Leonard G. Gomella, MD
Now that the FDA has carved out nonmetastatic, castration-resistant prostate cancer (nmCRPC) as a new disease state, the decision about whether to administer recently approved antiandrogen therapies in this setting hinges on the rate of increase in prostate-specific antigen (PSA) levels and comorbidities, according to experts in the field.
The development of therapies for nmCRPC has been hailed as an advance for men with localized prostate cancer whose PSA levels continue to rise despite androgen deprivation therapy (ADT) and other treatment.
In February 2018, apalutamide (Erleada) became the first FDA-approved drug for nmCRPC, an indication that also marked the first time metastasis-free survival (MFS) was used as a primary endpoint in a clinical trial.1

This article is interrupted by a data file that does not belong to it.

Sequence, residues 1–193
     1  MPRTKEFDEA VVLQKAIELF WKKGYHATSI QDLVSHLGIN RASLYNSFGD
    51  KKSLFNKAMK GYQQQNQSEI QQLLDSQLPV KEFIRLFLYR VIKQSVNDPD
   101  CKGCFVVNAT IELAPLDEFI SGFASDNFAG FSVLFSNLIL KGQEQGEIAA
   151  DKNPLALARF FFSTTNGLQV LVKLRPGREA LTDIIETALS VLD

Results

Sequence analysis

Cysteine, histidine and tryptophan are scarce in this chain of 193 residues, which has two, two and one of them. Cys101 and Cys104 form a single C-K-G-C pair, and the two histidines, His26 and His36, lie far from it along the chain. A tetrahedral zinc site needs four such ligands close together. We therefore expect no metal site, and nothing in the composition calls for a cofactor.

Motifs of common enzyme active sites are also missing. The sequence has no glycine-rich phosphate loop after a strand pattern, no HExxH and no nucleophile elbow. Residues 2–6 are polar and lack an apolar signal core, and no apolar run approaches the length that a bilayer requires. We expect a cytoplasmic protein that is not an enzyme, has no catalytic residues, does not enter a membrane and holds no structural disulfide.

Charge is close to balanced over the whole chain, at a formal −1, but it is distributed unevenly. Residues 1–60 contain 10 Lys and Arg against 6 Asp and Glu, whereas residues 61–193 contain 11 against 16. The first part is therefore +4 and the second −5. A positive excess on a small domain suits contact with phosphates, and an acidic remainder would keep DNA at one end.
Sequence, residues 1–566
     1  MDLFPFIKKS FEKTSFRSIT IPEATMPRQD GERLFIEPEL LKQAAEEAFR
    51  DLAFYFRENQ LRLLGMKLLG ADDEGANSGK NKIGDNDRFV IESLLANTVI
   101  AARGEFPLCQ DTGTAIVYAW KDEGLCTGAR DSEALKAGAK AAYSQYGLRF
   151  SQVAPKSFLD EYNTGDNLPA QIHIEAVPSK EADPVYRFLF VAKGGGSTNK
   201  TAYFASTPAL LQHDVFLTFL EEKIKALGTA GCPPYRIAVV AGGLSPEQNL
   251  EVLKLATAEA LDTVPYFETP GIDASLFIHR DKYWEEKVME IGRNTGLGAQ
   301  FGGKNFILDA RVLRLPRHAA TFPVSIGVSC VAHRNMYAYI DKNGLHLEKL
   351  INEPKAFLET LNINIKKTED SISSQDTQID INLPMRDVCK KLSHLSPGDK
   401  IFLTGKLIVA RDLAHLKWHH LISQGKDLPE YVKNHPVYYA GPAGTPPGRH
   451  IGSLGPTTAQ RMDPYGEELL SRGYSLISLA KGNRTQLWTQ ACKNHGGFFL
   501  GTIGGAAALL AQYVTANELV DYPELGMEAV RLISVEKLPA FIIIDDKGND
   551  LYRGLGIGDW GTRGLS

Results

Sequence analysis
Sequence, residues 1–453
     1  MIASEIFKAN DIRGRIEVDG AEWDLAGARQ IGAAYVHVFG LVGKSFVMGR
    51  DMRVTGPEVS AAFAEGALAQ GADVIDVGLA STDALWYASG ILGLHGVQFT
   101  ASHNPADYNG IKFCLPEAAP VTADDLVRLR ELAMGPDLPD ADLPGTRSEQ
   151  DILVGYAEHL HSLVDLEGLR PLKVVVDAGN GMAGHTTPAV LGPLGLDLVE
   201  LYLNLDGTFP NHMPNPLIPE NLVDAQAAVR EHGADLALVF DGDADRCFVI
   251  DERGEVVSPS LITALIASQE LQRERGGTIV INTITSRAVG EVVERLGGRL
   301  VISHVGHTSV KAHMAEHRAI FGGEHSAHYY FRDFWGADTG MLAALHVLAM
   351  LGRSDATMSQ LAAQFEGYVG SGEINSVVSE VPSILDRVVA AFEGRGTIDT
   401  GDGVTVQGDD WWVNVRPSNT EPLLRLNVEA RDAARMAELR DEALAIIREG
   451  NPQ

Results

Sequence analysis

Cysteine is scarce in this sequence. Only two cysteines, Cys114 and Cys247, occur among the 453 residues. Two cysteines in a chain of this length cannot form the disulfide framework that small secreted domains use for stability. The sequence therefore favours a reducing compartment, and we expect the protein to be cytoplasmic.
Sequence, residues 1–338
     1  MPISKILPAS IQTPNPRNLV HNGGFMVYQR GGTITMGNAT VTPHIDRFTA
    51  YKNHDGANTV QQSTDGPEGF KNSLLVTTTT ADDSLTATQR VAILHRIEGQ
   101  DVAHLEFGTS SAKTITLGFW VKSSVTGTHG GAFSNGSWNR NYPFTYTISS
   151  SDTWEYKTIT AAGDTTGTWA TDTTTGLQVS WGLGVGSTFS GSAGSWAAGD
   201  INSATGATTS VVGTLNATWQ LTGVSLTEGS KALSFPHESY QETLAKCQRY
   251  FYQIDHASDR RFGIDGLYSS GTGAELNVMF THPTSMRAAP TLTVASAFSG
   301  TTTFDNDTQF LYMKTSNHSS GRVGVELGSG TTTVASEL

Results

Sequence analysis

Five months later, the agency broadened the indication for enzalutamide (Xtandi) to include patients with nmCRPC.2
(For both drugs, patients should also receive a gonadotropin-releasing hormone analogue concurrently or should have had bilateral orchiectomy). And in February 2019, a new drug application was submitted to the FDA for darolutamide, a novel androgen receptor agonist, in combination with ADT for patients with nmCRPC.3
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